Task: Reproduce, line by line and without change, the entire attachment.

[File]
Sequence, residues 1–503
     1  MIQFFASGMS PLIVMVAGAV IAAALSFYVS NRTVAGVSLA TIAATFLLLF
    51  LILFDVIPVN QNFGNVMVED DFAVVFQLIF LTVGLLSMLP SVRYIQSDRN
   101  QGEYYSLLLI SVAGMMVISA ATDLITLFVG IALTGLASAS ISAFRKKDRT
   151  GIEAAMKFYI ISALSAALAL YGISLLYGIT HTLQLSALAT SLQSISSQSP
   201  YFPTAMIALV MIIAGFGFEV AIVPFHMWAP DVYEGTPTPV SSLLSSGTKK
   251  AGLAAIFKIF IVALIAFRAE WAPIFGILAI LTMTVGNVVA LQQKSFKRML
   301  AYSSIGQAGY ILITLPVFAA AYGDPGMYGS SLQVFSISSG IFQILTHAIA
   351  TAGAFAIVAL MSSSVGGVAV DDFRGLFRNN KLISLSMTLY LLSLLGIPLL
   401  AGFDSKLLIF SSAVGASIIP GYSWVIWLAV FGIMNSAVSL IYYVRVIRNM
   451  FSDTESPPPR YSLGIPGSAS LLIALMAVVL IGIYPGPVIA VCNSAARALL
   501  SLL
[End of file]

Sequence, residues 1–503
     1  MIQFFASGMS PLIVMVAGAV IAAALSFYVS NRTVAGVSLA TIAATFLLLF
    51  LILFDVIPVN QNFGNVMVED DFAVVFQLIF LTVGLLSMLP SVRYIQSDRN
   101  QGEYYSLLLI SVAGMMVISA ATDLITLFVG IALTGLASAS ISAFRKKDRT
   151  GIEAAMKFYI ISALSAALAL YGISLLYGIT HTLQLSALAT SLQSISSQSP
   201  YFPTAMIALV MIIAGFGFEV AIVPFHMWAP DVYEGTPTPV SSLLSSGTKK
   251  AGLAAIFKIF IVALIAFRAE WAPIFGILAI LTMTVGNVVA LQQKSFKRML
   301  AYSSIGQAGY ILITLPVFAA AYGDPGMYGS SLQVFSISSG IFQILTHAIA
   351  TAGAFAIVAL MSSSVGGVAV DDFRGLFRNN KLISLSMTLY LLSLLGIPLL
   401  AGFDSKLLIF SSAVGASIIP GYSWVIWLAV FGIMNSAVSL IYYVRVIRNM
   451  FSDTESPPPR YSLGIPGSAS LLIALMAVVL IGIYPGPVIA VCNSAARALL
   501  SLL